- Wrong format -- there is 10% penalty for submitting work in wrong format (not meeting length, font or other requirements if specified).
- Missing name -- there is 10% penalty for any work that is submitted without student's name clearly written on the front page.
- Overly large file sizes -- there will be 10% penalty for electronic work submitted which has overly large file sizes, e.g. PDFs which are just images taken of the homework with a smarpthone app, please use a scanner to scan your work (e.g. in room DL 120) to generate modeslty sized PDF files.
- Messy work -- points may be deducted for messy or unclear answers.
- Simplify your answers -- unless stated otherwise, attempt to provide the most simplified answer (simplest formula, least number of states, etc.), points may be deducted for work that is not simplified.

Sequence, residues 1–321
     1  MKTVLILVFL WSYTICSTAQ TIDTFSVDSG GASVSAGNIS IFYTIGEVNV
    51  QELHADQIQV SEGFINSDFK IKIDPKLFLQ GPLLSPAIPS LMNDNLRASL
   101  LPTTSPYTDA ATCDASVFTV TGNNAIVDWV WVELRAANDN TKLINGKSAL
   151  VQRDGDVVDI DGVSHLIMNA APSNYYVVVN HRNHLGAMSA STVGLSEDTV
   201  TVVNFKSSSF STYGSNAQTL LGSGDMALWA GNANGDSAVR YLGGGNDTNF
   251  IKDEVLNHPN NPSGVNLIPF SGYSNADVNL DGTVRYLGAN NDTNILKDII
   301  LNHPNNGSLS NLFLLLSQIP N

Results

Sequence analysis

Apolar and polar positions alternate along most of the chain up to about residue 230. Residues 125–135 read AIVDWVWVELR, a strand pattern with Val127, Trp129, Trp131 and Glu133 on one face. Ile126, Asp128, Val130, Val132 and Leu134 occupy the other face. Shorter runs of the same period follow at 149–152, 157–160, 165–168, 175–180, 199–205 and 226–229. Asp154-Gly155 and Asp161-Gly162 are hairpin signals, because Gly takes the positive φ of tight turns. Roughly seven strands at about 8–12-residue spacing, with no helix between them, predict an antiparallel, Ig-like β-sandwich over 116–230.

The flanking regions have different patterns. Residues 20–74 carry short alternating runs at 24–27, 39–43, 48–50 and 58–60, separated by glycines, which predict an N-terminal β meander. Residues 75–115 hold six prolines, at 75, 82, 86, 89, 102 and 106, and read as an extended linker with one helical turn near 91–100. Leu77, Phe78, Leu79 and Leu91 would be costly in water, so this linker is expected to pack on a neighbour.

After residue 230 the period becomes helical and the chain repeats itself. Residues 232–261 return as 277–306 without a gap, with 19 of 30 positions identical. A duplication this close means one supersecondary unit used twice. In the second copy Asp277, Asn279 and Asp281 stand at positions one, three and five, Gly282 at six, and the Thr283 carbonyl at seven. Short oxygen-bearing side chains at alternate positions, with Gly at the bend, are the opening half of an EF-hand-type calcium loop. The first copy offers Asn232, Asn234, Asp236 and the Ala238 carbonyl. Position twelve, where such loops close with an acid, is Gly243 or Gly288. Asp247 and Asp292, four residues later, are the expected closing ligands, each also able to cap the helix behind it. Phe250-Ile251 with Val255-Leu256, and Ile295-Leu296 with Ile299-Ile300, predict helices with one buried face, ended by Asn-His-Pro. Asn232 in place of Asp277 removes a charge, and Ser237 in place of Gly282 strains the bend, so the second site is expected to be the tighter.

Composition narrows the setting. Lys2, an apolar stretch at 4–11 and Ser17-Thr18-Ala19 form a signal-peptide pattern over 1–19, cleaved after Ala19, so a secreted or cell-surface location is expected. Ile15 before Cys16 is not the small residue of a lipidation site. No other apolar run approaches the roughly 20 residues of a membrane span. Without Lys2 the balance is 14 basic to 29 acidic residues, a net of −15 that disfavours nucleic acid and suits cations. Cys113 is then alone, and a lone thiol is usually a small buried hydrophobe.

Collaboration Policy: Collaboration can be a great learning tool, so students are encouraged to study together and help each other out. However, unless otherwise stated, all work is individual. Do not copy other's homework or lab answers or code. Violations of this policy will not be tolerated and referred to the Dean.
Attendance: You are responsible for all the material covered in class. The course covers materials that may not all be in the textbook or printed handouts, so attendance is crucial for good performance in the course. If you miss a class, please get a Dean's excuse and make an appointment with the instructor to go over the material that was in the missed lecture.
Academic Integrity: Please do not cheat or copy other's work. Make sure to cite any sources. All homeworks and submitted code will be reviewed for similarities.
Re-grading Policy: Please bring up any issues with re-grading homework, lab report and deliverable, or examination within one week from when the graded work was returned. Please write 2 ~ 3 sentences to justify each problem you would like re-graded and state why. The written request should be submitted by e-mail. For exams, original graded examination sheets should be returned to instructor.